Lisa Corrigan, University of Arkansas associate professor of communications, director of the Gender Studies Program and affiliate faculty in both African and African-American studies and Latin American studies, is smaller in person than one would expect, given her larger-than-life social media presence and literary voice. The author of the award-winning book Prison Power: How Prison Influenced the Movement for Black Liberation frequently takes to Twitter, Facebook and Instagram to espouse her advocacy. Her gaze is direct and lively behind large glasses, and she talks fast -- really, really fast -- during a wide-ranging conversation that covers myriad topics germane to the current cultural and anthropological landscape of America: the state of health care (especially in Arkansas), systemic racism and sexism, the rise of the modern white supremacist movement as backlash against our first African-American president, the definition of "white fragility," the importance of political activism ... and the emotional unavailability of Batman that makes him such a bad choice for a boyfriend.
"Lisa is simply one of the smartest people I know, and she is extremely quick on her feet," says Todd G. Shields, dean of the UA Fulbright College of Arts and Sciences. "It would not surprise me to find out that her mind works at twice the speed of everyone else's."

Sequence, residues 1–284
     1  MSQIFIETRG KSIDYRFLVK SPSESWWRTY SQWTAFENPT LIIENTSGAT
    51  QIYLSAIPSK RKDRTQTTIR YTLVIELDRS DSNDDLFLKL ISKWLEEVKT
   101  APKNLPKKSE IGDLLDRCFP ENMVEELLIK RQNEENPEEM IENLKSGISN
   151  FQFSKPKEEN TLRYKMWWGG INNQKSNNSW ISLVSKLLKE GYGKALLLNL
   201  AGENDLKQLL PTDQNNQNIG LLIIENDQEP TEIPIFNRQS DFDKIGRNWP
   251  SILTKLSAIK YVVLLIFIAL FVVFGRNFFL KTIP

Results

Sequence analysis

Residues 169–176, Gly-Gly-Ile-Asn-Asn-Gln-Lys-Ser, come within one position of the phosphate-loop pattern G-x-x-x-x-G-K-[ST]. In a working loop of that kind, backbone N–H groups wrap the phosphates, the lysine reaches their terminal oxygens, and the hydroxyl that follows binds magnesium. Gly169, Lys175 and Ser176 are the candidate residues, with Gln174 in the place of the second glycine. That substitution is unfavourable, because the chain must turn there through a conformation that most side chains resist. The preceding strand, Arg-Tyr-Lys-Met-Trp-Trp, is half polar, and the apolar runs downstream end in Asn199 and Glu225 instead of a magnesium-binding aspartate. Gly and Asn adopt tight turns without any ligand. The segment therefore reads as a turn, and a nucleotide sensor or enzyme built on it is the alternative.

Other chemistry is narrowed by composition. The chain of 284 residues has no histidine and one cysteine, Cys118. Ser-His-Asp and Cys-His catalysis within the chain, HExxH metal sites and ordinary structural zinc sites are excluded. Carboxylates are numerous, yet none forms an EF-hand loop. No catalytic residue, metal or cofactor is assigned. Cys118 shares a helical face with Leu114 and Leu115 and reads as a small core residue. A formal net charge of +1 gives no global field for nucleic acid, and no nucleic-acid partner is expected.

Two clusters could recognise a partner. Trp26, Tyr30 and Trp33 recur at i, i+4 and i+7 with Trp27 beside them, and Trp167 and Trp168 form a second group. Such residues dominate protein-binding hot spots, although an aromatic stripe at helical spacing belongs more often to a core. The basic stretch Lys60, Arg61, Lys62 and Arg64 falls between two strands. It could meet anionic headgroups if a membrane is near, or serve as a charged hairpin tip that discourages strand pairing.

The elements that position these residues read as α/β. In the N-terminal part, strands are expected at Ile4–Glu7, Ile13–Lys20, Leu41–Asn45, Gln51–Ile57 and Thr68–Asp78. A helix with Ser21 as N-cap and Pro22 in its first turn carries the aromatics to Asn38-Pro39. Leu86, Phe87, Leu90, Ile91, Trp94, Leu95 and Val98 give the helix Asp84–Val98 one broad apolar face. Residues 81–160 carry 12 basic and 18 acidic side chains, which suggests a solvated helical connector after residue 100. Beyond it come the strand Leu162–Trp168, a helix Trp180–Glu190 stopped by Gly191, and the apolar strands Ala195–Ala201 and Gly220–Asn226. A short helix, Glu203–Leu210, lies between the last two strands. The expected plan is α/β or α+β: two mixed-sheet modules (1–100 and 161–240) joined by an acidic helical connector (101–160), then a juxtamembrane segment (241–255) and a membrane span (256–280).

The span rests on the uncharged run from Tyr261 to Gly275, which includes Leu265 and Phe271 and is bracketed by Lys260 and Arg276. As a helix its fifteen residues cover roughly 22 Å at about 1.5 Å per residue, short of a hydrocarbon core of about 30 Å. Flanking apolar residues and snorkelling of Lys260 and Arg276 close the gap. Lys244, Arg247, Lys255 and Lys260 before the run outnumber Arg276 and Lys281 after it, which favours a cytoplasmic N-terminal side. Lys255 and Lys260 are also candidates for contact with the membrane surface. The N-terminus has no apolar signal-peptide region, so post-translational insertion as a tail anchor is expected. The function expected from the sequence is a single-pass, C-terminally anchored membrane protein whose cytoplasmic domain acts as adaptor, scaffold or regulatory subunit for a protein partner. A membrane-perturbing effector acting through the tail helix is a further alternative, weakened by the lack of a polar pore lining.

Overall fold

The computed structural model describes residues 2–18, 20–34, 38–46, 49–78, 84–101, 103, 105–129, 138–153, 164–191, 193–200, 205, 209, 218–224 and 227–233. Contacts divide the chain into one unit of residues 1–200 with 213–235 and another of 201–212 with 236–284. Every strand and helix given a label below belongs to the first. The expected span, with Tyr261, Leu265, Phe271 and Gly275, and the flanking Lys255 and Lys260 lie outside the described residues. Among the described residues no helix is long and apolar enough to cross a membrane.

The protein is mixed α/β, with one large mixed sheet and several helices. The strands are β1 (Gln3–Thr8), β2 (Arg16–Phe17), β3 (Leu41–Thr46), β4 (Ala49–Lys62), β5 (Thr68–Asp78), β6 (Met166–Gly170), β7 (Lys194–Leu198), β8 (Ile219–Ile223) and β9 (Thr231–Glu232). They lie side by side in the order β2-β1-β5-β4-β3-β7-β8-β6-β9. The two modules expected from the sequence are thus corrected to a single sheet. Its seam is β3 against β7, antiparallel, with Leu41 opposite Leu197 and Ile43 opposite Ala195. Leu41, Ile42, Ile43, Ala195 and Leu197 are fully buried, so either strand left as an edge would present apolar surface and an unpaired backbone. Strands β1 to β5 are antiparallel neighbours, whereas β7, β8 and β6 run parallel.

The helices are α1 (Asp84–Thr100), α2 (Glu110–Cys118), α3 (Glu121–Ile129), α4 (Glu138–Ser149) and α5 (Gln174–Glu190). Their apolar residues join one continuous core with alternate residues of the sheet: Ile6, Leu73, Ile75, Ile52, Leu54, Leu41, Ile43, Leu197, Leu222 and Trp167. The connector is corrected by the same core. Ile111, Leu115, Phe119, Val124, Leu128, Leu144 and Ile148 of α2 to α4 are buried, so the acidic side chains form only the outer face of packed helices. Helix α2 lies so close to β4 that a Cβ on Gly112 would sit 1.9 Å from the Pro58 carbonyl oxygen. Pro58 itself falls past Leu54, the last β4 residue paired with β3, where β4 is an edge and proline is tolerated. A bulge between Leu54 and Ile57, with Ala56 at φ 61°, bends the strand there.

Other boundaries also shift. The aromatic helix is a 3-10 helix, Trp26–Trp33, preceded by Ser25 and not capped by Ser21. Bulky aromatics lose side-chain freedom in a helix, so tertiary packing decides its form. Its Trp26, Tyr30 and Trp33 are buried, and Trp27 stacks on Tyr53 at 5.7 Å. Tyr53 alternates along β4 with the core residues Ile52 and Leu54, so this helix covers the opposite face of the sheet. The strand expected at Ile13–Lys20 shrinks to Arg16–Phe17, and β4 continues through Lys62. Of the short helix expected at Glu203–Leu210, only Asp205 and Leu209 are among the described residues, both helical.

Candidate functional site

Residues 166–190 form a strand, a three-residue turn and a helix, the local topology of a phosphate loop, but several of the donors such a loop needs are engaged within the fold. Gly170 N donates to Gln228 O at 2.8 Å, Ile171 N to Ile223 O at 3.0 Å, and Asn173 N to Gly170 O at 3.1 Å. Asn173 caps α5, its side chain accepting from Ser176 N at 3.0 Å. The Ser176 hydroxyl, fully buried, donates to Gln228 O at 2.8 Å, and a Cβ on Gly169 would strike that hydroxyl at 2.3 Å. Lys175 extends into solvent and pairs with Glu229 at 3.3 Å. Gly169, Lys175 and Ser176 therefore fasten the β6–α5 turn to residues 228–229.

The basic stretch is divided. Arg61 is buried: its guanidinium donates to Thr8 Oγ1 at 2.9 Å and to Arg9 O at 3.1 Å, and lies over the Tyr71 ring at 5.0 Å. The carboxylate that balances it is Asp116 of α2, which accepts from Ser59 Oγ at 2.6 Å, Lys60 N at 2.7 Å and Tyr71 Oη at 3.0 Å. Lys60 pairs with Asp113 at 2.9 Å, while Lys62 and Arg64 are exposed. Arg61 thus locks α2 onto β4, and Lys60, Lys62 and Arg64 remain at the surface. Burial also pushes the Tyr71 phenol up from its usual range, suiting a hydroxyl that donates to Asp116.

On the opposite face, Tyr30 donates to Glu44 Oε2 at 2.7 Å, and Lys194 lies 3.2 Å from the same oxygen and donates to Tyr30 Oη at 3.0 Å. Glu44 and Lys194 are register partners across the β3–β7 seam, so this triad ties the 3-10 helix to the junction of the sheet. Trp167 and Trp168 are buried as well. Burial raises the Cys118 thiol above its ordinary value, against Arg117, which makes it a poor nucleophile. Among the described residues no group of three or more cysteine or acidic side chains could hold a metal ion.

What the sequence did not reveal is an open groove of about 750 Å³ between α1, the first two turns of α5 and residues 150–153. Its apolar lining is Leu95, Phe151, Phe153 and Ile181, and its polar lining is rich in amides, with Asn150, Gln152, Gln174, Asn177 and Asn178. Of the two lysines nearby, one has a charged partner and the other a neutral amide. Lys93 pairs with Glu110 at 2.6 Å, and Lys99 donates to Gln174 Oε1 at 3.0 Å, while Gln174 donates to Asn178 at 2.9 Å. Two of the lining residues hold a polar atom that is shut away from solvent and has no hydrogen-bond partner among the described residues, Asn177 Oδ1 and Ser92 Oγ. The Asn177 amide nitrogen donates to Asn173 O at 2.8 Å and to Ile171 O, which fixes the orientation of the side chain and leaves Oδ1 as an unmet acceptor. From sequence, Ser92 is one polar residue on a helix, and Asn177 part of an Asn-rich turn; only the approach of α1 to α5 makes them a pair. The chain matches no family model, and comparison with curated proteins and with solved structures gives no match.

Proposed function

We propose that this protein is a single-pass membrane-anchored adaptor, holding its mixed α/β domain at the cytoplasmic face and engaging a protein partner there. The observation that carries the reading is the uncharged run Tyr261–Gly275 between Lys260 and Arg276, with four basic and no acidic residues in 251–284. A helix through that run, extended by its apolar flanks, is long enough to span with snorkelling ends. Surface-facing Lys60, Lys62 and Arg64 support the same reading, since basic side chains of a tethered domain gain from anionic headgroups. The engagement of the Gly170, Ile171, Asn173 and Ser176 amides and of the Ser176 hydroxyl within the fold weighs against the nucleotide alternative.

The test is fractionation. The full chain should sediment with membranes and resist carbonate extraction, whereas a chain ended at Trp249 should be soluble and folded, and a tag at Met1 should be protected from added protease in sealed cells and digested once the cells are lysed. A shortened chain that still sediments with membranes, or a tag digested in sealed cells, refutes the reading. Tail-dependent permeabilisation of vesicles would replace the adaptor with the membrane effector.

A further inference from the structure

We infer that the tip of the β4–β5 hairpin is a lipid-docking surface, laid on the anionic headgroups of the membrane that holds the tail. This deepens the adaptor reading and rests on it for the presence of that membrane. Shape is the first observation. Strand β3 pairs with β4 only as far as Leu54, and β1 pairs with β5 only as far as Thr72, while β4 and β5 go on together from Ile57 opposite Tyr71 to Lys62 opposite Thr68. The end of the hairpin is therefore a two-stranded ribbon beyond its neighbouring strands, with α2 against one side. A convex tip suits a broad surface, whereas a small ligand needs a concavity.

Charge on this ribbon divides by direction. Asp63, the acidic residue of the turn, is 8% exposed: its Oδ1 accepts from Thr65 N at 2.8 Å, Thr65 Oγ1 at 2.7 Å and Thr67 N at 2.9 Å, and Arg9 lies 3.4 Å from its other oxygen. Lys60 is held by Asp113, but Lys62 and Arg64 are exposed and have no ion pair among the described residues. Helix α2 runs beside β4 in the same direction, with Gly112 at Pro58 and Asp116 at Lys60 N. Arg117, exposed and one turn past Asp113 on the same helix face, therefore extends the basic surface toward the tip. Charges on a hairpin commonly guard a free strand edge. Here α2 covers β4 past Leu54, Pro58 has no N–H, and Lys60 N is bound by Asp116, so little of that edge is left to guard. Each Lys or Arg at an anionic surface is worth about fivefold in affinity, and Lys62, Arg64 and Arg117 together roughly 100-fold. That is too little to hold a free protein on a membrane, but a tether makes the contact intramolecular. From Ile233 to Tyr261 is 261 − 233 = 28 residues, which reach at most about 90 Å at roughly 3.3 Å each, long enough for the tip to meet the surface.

Through Others’ Eyes
“Perhaps it seems high-minded to say, but Lisa is an advocate for humanity, so it should be no surprise that she has a big personality: forceful but warm, self-assured but not self-absorbed, witty without cutting, hardworking but loves a good time, terrific at helping others build their own agency and ‘suffering fools’ is not her strong suit.” — Arkansas State Sen. Joyce Elliott
“Lisa is not just working hard to advance her career, she’s working hard on behalf of issues that she believes very deeply in. There’s nothing phony about it. She has a profound philosophical and moral belief in justice and equality and a really humane approach to the world.” — Sierra Club campaign representative and friend Stephen Stetson
Sarah Huckabee Sanders
Match of wills
Corrigan was born in tiny McDonaldsville, Ohio, a town halfway between Baltimore and Chicago. Her father was a steel worker, and he struggled with industry layoffs throughout much of Corrigan's childhood. When Corrigan hit middle school, her mother took a job at a nursing home to put herself through college. Corrigan remembers long evenings at the kitchen table as she and her sister helped their mother study for her classes. Corrigan pauses her story to sing a snippet of a song that strings together a long bit of economics jargon, a mnemonic tune she put together to help her mom remember information for a test.